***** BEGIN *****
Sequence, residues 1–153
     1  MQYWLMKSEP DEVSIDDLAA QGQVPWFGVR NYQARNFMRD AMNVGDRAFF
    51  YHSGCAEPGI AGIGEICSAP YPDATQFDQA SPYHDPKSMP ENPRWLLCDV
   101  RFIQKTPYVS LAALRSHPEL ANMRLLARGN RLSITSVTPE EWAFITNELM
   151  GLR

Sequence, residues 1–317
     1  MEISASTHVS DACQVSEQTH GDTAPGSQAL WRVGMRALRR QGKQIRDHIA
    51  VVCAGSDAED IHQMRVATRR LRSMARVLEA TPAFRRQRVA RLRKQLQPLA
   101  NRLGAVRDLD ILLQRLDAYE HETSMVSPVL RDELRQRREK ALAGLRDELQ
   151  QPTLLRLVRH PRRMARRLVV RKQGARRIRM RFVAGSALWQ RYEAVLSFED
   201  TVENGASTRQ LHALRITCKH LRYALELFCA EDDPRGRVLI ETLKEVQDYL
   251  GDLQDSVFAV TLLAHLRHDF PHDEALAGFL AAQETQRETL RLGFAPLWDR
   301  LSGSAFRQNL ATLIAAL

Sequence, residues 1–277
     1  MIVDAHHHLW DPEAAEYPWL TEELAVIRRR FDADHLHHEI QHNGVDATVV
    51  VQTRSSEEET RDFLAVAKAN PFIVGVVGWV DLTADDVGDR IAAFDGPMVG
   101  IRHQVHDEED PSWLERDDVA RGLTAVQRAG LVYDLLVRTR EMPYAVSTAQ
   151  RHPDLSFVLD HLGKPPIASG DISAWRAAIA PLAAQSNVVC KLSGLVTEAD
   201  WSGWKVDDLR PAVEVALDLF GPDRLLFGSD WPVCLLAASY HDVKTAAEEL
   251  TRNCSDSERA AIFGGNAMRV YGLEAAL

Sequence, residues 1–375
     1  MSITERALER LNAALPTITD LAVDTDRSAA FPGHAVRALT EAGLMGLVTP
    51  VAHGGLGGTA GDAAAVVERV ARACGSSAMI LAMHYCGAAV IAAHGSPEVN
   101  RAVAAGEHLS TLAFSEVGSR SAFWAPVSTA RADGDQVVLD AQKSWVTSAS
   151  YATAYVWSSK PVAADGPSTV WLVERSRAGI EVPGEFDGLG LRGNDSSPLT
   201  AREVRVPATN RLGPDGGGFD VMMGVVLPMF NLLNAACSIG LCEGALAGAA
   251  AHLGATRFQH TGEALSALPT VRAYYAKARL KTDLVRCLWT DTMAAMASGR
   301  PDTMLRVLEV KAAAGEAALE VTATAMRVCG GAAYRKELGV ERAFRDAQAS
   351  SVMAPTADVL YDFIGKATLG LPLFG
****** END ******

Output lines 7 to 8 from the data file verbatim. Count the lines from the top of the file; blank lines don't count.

     1  MEISASTHVS DACQVSEQTH GDTAPGSQAL WRVGMRALRR QGKQIRDHIA
    51  VVCAGSDAED IHQMRVATRR LRSMARVLEA TPAFRRQRVA RLRKQLQPLA